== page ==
Aleteia logoAleteia logo
Friday 16 April |
Saint of the Day: St. Bernadette Soubirous
home iconArt & Culture
line break icon

Pew study finds U.S. religious life inching back to normal


Dziurek | Shutterstock

J-P Mauro - published on 03/29/21

Researchers suggest that vaccinations will bring church attendance back to normal.

The churches won’t be packed this Easter, but religious practice is beginning to normalize in America. A survey conducted by Pew Research found that Catholics and Christian communities have seen increased attendance since last summer. The return is marked by a growing confidence that pandemic protocols will prevent the spread of COVID-19.

According to Pew, only 5% of Catholic churches are open for Mass, which is up from 3% last July. The report, “Life in U.S. Religious Congregations Slowly Edges Back Toward Normal,” noted that 36% of Catholics said they would like to attend Easter Mass. While this shows a promising trend, it is still far below the 58% who said they would have attended on a normal year. In-person Mass attendance has risen slightly, from 32% to 38%, since the summer.

Cautious Catholics

Catholics were found to be the most cautious of any Christian denomination. Nearly 70% said they support pandemic precautions, such as mask wearing and social distancing, at Mass. A further 6-in-10 said they believe that Mass attendance should be limited to prevent spreading COVID-19.

The poll also found that Catholics feel safe in church, as 76% of surveyed Catholics said they feel confident that they could safely attend church without contracting COVID-19. This figure has risen from 64% in 2020.

While the survey found that many Christians are eager to return to in-person services, it also shows that people are getting tired of watching religious services online. Across the board, members of Christian denominations reported lower virtual Mass attendance than in 2020. The largest differential was seen in Catholics, who dropped from 63% to 51% since last year. Catholics were, however, much slower to begin virtual Masses than their Protestant counterparts.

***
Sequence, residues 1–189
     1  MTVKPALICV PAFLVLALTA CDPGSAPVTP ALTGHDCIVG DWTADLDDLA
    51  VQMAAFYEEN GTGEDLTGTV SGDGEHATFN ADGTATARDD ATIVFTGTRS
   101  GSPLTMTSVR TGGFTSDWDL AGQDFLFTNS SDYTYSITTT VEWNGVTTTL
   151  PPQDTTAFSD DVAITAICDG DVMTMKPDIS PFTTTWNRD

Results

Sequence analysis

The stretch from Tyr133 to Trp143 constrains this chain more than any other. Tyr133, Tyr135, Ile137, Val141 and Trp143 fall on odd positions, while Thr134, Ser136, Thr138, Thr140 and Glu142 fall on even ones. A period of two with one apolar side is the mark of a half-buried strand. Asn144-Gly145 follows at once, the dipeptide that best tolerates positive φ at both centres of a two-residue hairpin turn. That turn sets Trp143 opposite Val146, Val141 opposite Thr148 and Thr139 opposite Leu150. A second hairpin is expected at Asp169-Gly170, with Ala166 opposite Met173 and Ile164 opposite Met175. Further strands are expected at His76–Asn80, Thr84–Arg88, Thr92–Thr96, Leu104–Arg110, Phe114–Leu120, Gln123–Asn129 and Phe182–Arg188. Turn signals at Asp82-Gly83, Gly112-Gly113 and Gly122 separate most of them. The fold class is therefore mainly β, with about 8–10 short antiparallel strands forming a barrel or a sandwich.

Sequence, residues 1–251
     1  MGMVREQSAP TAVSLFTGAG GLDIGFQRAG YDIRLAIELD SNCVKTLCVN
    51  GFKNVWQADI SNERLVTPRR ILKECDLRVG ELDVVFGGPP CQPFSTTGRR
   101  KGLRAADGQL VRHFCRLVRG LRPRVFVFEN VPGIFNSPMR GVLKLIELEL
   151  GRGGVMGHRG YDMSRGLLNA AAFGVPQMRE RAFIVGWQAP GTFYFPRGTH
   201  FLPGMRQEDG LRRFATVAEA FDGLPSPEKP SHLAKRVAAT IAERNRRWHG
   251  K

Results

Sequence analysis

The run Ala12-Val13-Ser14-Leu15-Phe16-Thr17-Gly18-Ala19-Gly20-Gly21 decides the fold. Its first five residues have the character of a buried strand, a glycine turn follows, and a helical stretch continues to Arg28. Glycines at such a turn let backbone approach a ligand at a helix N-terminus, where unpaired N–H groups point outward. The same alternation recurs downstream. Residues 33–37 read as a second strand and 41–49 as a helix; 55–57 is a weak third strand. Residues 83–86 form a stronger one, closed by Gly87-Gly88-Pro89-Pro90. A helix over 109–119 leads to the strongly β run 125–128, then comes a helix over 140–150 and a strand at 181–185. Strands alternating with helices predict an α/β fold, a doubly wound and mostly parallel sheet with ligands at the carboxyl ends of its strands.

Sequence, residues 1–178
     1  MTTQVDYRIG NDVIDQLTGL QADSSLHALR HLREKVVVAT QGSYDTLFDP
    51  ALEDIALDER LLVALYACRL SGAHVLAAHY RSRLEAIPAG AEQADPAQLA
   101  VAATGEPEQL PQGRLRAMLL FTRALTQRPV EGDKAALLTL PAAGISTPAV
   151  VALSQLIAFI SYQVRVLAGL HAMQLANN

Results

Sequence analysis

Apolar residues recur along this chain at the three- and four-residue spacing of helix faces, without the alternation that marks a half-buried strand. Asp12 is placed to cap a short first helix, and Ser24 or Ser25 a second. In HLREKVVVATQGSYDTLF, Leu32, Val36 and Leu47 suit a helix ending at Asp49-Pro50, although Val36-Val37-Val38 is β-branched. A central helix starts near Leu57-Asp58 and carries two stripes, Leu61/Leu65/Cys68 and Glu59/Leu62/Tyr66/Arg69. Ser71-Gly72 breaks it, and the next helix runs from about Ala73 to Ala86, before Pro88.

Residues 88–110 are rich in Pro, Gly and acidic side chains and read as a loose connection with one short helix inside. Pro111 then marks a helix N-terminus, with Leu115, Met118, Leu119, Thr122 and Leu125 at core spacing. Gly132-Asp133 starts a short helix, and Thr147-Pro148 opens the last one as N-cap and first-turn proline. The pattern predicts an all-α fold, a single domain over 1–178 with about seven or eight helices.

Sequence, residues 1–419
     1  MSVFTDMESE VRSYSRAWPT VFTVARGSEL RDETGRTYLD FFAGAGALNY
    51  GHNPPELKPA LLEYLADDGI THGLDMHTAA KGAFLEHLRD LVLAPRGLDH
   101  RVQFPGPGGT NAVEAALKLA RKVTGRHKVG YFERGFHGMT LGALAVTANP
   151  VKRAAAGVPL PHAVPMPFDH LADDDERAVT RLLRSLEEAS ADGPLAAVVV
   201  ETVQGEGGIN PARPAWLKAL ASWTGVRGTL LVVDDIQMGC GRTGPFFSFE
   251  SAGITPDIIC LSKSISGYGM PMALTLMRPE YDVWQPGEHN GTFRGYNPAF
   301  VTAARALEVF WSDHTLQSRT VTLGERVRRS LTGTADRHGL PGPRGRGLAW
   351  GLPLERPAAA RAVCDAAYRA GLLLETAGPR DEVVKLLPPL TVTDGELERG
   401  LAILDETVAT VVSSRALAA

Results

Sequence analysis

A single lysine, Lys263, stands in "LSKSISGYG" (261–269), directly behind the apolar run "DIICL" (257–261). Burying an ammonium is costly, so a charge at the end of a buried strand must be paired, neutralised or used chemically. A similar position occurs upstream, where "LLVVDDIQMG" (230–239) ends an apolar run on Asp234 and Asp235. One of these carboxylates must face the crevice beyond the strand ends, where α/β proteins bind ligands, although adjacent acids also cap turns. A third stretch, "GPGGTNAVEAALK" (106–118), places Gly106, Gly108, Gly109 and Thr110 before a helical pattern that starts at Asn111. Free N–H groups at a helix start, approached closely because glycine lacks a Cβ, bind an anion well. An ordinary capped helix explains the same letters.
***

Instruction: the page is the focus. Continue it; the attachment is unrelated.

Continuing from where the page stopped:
While the numbers are still low, they represent a promising trend toward increased church attendance. According to Angelus News, Senior Pew Researcher Greg Smith told CNA that attendance is expected to improve as more people get vaccinated. He said:

“You would expect the congregational situation for Catholics and other Christians to get better” with the rollout of vaccines, he added. “By the time we started rolling out these questions in March, it was a much improved situation.”

Read the full report at Pew.


Read more:
Pew report finds millennials slowest generation to start families

Support Aleteia!

If you’re reading this article, it’s thanks to the generosity of people like you, who have made Aleteia possible.

Here are some numbers:

  • 20 million users around the world read every month
  • Aleteia is published every day in seven languages: English, French, Italian, Spanish, Portuguese, Polish, and Slovenian
  • Each month, readers view more than 50 million pages
  • Nearly 4 million people follow Aleteia on social media
  • Each month, we publish 2,450 articles and around 40 videos
  • We have 60 full time staff and approximately 400 collaborators (writers, translators, photographers, etc.)

As you can imagine, these numbers represent a lot of work. We need you.

Support Aleteia with as little as $1. It only takes a minute. Thank you!

Daily prayer
And today we celebrate...

Top 10
Annalisa Teggi
Amputee from the waist down is thankful every day to be alive
Bret Thoman, OFS
What Padre Pio saw in the Spanish Flu of 1918
Zelda Caldwell
Mystery of crosses on walls of Church of the Holy Sepulchre may h...
Fr. Patrick Briscoe, OP
St. Faustina’s coffee cup and lessons for Divine Mercy Sund...
Philip Kosloski
St. Padre Pio: His life, his miracles and his legacy
Philip Kosloski
Padre Pio’s favorite prayer of petition
Philip Kosloski
Catholic prayers for strength
See More
Get Aleteia delivered to your inbox. Subscribe here.